“Because your song is ending, sir…It is returning. It is returning through the dark. And then, Doctor? Oh, but then… He will knock four times.”
Cos he’s special, David Tennant got to spread his farewell over 4 specials from Christmas 2008 to New Year 2010, and as this also marked Russell T Davies’ departure from the show, the stories start off grand and rise to operatic scales of drama by the time we hit the megalithic The End of Time. That finale works well in its quieter moments but does suffer a little from an overabundance of plot and whatnot. The Next Doctor and Planet of the Dead are good value for money romps but it is The Waters of Mars and all its attendant darkness that stands out most, teasing all the complex arrogance of a God-figure gone wrong. Continue reading “Countdown to new Who: Doctor Who Specials 2008-2010”
“That’s not the joke I was thinking of…”
Maintaining an excellent record of transfers for the Royal Court, Bruce Norris’ Clybourne Park is the latest play to make the leap from Sloane Square to the West End, in this case the Wyndham’s Theatre. Robert Innes Hopkins’ design seems to have transferred almost exactly as it was at the Royal Court, seemingly at the same size and still undergoing such a great transformation in the interval. All but two of the original cast have transferred with the show, directed by Dominic Cooke, which has already won Best Show plaudits from the Evening Standard, South Bank Sky Arts and the Critics Circle and looks set to continue that success.
I saw the show early in its run at the Royal Court and though not originally intending to revisit the show, the opportunity arose and I became quite intrigued by the idea of seeing the production again in a new home. The play takes a dual look at racial prejudice in America, starting in 1959 as a white family try to sell their house in a white neighbourhood to a black family despite pressure from the locals, then switching to 2009 where the tables are turned as the demographic of the area has switched completely and it is the black community resisting the ideas of a white couple who want to buy the same house. It looks at how people rarely say exactly what they mean, especially where race is concerned and though things would seem to have improved by 2009, the events of the second half show us that that progress could be seen to be quite superficial. Continue reading “Re-Review: Clybourne Park, Wyndham’s”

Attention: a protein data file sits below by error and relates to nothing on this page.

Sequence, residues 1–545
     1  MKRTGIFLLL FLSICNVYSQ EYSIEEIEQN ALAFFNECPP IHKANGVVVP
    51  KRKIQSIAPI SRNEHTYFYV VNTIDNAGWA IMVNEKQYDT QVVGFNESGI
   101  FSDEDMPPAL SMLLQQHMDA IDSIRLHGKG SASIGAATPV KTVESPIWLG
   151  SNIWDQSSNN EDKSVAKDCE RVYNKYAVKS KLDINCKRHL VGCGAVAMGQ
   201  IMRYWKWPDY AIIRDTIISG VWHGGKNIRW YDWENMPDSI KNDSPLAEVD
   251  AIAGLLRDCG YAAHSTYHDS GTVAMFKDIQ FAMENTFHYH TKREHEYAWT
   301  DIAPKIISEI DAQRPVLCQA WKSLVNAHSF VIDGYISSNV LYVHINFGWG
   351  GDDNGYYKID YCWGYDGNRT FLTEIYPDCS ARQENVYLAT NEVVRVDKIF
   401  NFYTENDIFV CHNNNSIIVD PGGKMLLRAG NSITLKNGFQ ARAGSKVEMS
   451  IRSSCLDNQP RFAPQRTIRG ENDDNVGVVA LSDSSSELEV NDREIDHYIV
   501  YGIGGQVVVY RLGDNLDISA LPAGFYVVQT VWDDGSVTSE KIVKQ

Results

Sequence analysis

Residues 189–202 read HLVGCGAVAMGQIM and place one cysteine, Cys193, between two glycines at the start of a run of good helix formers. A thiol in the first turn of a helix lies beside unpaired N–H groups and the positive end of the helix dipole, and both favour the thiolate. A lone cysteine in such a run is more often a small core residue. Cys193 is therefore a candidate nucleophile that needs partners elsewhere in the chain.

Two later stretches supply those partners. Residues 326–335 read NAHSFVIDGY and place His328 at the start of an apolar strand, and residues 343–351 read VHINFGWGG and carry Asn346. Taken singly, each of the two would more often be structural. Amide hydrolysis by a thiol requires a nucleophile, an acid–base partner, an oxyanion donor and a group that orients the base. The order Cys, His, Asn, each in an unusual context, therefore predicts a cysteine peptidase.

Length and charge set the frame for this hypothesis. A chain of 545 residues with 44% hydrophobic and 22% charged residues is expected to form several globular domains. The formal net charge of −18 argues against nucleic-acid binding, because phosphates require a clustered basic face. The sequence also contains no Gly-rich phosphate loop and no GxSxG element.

“Fitting into a community is what it really all comes down to”
Clybourne Park is the latest play to open downstairs at the Royal Court, written by Bruce Norris whose The Pain and the Itch also played here a few years ago. This play opens in 1959 with Russ and Bev who are selling their house in Clybourne Park, Chicago for a quick move, thereby enabling the first black family to move into the neighbourhood. This is not going down well with their friends and neighbours and tensions of all sorts are brought to the fore as threats are issued and secrets unfolded. We then flip forward to 2009 where young couple Lindsey and Steve want to buy the same house but knock it down and build from scratch. These plans also do not go down well with the neighbourhood and whilst change has occurred, the same tensions begin to emerge.
Norris wrote this play partly as a reaction to A Raisin In The Sun as a way of looking at how white Americans have dealt with issues of race in the past and how in this post-Obama world, whether anything has really changed. And he does it with such style and acerbic wit, it makes it easy to overlook the slight weaknesses in the plotting. One I cannot reveal because it is too spoilerish but waiting four years, really? Another was spotted by someone cleverer than I, with inconsistencies about US behaviour in the Korean War and the last I go into more detail about later in the review. I flag these up now because otherwise this would be a purely rave review as it is fantastic. Continue reading “Review: Clybourne Park, Royal Court”
“Every person is a new door, opening up into new worlds”
John Guare’s Six Degrees of Separation receives its first revival in 18 years with this David Grindley directed production at the Old Vic. Based on a true story of a conman finagling his way into the lives of wealthy Manhattan socialites by pretending to be the son of Sidney Poitier, we see the lives of two New York art dealers, Ouisa and Fran Kittredge turned upside down after they take an injured Paul into their home and he wreaks havoc on their lives and those of them around them as he challenges their comfortable existences. It is kept in its original 1980s setting, presumably as the issues around financial greed are as pertinent today, even if those around race and homosexuality are less so.
Onstage narration seems to be the flavour of the month and it is a tricky thing to get right: Innocence fails, Midsummer gets it right, here is somewhere in the middle. There’s a mixture of Ouisa and Fran, and indeed other characters, narrating the events and the action being played out, and I’m not sure the balance is wholly there: it is just so much more entertaining when the actors are engaging with each other and I was frequently left wanting to see more of that. Continue reading “Review: Six Degrees of Separation, Old Vic”